Direct drive solar coolers

P. H. Pedersen*, I. Katic*, J. K. Jensen*, W. B. Markussen*, H. Moeller*, C. Cording*

*Corresponding author for this work

Research output: Chapter in Book/Report/Conference proceedingArticle in proceedingsResearchpeer-review

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For many years, photovoltaic power has been used in areas without grid electricity for vaccine refrigerators with a lead-acid battery to store electric energy and to provide the start current for the compressor. The problem with this technology is that the lifetime of the battery is short due to deep discharging of the battery during periods with low irradiance and high ambient temperature. The development of solar “direct drive” refrigerators started in 1999 at Danish Technological Institute (DTI). It was demonstrated that the energy density of ice produced by a compressor is at the same magnitude as the lead-acid battery. As of to date (January 2019), 40 direct drive vaccine coolers from eight different manufacturers are listed on the website of the World Health Organization (WHO), with the technology being one of the fastest growing technologies in the vaccine cold chain. This paper describes the status and new development and discusses how the technology can be used for other purposes in the future. The paper also discuss how remote monitoring can help to prevent destruction of vaccines by early warning and automatic call for service.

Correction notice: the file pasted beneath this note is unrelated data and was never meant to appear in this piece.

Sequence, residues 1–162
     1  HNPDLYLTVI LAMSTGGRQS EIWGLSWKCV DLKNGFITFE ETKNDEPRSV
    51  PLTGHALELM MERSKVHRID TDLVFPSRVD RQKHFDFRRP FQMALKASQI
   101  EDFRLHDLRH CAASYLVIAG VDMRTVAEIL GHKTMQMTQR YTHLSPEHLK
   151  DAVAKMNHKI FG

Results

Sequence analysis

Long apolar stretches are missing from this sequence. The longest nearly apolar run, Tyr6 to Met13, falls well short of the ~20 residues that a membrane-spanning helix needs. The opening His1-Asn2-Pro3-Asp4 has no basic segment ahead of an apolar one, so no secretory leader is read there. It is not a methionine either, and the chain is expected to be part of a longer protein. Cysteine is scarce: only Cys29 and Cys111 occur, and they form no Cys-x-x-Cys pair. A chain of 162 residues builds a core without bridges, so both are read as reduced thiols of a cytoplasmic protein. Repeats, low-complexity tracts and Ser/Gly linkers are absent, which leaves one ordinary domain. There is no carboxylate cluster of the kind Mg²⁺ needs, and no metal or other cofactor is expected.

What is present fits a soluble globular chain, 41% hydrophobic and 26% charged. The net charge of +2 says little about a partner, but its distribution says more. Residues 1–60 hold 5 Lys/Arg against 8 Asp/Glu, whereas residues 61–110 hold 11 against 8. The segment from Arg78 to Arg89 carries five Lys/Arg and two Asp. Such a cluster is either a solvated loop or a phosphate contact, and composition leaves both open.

Original languageEnglish
Title of host publicationProceedings of the 25th IIR International Congress of Refrigeration
PublisherInternational Institute of Refrigeration
Publication date2019
Article number1024
ISBN (Electronic)9782362150357
Publication statusPublished - 2019
Event25th IIR International Congress of Refrigeration - Montreal, Canada
Duration: 24 Aug 201930 Aug 2019


Conference25th IIR International Congress of Refrigeration
SponsorFrascold, Tourisme Montréal, Cemafroid Tecnea, Club des Ambassadeurs du Palais des Congres de Montreal, Emerson
Internet address
SeriesRefrigeration Science and Technology

Bibliographical note

Copyright © IIF/IIR
Published with the authorization of the International Institute of Refrigeration (IIR):


  • Direct drive
  • Isobutane
  • Natural refrigerant
  • Photovoltaic
  • Remote monitoring
  • Vaccine coolers


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